If you file a bankruptcy on that debt, and you get through bankruptcy which again is 90 days or so in chapter seven or three to five years in chapter 13, you get a court order called a discharge. A discharge is a permanent court order that says that debt is gone forever never to be heard from again. It’s a court order just like court orders in criminal cases. When you have a court order that says you don’t owe the debt, and somebody thinks that they can collect that debt, they’re in contempt of the court order. In situations like that, which happens a lot, you have rights against the credit, the people alleging that you still owe the debt. The rights are so strong in fact that often the cases that we deal with this, they have to pay my clients money for the harassment, and they have to pay all of our attorney’s fees to collect the money.

Just in the way the creditors can collect sort of from you before you file bankruptcy, I call it the old switcheroo. You file bankruptcy, all of a sudden you’re in control, and if they’re trying to collect from you, you get to go after them for money and damages. We’ve been very successful with that sort of second part of bankruptcy, the rights enforcement part of bankruptcy over the years, and it’s a big part of what we do.

Katherine: So a person is protected in this situation. They want to reset their lives. They’ve felt guilty about it. They’re you know you don’t want to answer your phone because people are calling. You don’t know who it is. It’s probably a bill collector because in your mind I owe everybody. But once they work with you, you’re saying that this is it’s kind of like it goes into this bubble. Whoever you owe goes into this bubble, and you’re protected from having to I guess look over your shoulder, so you get this opportunity to reset. Is that what it’s like?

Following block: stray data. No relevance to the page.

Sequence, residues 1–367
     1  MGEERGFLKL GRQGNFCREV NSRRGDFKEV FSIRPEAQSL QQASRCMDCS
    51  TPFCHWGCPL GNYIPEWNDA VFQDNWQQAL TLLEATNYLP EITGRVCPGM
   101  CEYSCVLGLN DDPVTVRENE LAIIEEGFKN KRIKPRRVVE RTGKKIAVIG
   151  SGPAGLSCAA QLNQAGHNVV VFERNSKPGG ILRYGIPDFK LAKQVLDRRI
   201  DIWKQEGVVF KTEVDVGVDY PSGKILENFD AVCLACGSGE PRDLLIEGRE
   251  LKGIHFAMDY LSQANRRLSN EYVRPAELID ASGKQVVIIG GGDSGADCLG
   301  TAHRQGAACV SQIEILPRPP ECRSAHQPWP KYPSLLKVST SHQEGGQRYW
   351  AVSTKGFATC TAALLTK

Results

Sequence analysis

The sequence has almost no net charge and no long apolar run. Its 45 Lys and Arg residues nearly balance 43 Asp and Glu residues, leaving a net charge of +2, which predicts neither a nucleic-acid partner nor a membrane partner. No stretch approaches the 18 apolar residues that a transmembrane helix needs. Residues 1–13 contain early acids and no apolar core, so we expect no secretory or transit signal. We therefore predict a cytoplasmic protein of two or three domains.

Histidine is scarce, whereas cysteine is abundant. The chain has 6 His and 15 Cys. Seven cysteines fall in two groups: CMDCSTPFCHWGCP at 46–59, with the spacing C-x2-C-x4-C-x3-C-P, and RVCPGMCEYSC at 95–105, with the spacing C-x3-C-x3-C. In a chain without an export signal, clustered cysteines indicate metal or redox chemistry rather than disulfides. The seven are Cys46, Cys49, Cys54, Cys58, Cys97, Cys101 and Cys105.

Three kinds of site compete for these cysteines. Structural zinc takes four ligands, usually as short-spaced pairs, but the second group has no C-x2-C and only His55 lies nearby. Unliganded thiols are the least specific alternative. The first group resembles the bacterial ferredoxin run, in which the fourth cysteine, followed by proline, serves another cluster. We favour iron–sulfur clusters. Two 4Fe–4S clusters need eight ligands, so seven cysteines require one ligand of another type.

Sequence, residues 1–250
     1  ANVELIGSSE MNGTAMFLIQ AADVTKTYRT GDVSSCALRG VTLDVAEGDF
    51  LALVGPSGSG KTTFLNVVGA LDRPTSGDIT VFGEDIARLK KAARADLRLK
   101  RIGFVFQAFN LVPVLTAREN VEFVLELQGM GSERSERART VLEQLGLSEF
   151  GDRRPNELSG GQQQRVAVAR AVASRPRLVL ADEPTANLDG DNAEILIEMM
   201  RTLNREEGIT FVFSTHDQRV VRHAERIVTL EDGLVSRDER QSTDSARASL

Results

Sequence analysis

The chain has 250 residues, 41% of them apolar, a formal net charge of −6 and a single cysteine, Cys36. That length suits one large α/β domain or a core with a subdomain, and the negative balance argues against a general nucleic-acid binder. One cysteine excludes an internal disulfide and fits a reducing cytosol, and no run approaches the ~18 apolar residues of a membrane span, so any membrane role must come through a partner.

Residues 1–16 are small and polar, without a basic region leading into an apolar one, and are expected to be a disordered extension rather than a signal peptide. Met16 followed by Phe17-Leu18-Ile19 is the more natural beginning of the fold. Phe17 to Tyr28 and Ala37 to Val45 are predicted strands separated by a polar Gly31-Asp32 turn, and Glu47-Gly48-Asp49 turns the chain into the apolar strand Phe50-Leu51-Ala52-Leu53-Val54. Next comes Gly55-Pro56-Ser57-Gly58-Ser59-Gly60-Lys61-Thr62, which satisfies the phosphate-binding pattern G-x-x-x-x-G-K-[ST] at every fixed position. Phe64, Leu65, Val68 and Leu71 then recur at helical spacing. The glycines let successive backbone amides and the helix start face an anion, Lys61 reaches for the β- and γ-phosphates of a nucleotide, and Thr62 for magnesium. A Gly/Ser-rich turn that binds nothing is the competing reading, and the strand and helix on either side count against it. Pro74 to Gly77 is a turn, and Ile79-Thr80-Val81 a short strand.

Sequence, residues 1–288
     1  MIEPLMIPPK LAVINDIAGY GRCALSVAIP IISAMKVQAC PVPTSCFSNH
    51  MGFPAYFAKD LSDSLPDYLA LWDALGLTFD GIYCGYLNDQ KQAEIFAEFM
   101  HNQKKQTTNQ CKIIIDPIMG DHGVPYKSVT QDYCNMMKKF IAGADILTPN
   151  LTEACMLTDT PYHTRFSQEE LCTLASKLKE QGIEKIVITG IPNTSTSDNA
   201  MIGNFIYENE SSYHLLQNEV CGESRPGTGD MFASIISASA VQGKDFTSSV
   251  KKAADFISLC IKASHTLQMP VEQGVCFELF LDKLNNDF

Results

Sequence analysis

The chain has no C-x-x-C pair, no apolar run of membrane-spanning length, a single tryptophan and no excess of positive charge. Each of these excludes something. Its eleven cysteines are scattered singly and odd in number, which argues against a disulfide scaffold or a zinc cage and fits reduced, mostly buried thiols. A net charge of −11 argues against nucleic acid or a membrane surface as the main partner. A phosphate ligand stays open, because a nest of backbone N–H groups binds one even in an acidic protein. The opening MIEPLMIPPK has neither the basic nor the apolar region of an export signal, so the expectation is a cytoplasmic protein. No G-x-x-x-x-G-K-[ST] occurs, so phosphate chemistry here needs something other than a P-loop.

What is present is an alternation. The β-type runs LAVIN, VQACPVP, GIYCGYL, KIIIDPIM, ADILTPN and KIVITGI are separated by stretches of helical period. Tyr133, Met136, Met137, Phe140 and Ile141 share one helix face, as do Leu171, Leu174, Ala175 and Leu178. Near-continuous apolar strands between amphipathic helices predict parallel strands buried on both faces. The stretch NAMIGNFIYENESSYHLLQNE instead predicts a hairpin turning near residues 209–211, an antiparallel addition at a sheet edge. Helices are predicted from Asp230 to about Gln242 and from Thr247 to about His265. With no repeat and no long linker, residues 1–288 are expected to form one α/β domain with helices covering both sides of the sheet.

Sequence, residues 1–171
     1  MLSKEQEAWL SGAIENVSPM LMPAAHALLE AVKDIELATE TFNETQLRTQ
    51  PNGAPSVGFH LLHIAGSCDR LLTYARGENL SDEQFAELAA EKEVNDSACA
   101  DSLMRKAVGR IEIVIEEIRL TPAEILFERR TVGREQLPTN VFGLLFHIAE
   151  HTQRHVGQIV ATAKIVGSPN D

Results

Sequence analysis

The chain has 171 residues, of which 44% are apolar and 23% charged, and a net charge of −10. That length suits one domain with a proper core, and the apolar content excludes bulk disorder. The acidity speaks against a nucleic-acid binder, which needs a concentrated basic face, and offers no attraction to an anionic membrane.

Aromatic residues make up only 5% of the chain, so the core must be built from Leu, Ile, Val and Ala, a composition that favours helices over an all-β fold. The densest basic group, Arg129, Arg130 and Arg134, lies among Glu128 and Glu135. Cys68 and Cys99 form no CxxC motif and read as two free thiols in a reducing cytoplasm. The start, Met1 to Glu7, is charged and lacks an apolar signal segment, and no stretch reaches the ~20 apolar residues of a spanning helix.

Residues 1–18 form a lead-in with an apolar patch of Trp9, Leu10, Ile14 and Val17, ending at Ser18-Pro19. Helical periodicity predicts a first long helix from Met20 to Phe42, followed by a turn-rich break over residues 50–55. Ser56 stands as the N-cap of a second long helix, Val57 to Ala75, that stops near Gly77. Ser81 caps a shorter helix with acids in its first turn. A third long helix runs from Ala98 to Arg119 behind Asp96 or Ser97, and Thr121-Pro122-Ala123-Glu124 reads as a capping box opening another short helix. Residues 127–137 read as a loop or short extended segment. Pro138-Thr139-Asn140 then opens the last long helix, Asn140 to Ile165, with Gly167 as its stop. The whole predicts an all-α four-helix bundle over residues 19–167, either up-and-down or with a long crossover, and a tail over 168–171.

Attorney Alexz: It’s very much like that. The way I explain it is when people come into my office they’re often, they don’t see a difference between themselves and their debts, and they think they’re the same thing, but when we file the bankruptcy, we actually separate the human being from the debts. We sort of lock the debts in this bubble or I call it behind a fence. People go on with their lives, and the debts have to stay behind the fence. If they ever try to jump over that fence, and collect and even call. Collection activities can be very small, collection letters, a phone call, things like that or violate the rules, you’re completely protected under the bankruptcy when you choose to enforce your rights which is through typically what’s called a contempt action or an adversary proceeding in the bankruptcy’s court setting to enforce the rights. Absolutely.
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Katherine: Wow, well this is just the beginning. We’ve started talking to you in the last interview, but this is just the beginning or our conversations with Attorney Alex. If you have any questions, you can get in touch with him outside of This Needs to Be Said because no one size fits all. We’re giving very broad strokes here. Your situation is different from another person’s situation, so in order to find out more specifically how he can help you or if bankruptcy is right for you, he’s going to give his information so that you can reach out to him directly. At this time, Attorney Alexz, could you share with people how to get in touch with you outside of This Needs to Be Said?
Attorney Alexz: Sure, if you want more information, you can look at my website which is geared towards Oregon consumers which is,, or you can call my office directly at 503-278-5400, and we’ll be happy to see if there’s anything we can do to help.
Katherine: Awesome. Until next time, have a wonderful day.
Attorney Alexz: Thank you so much.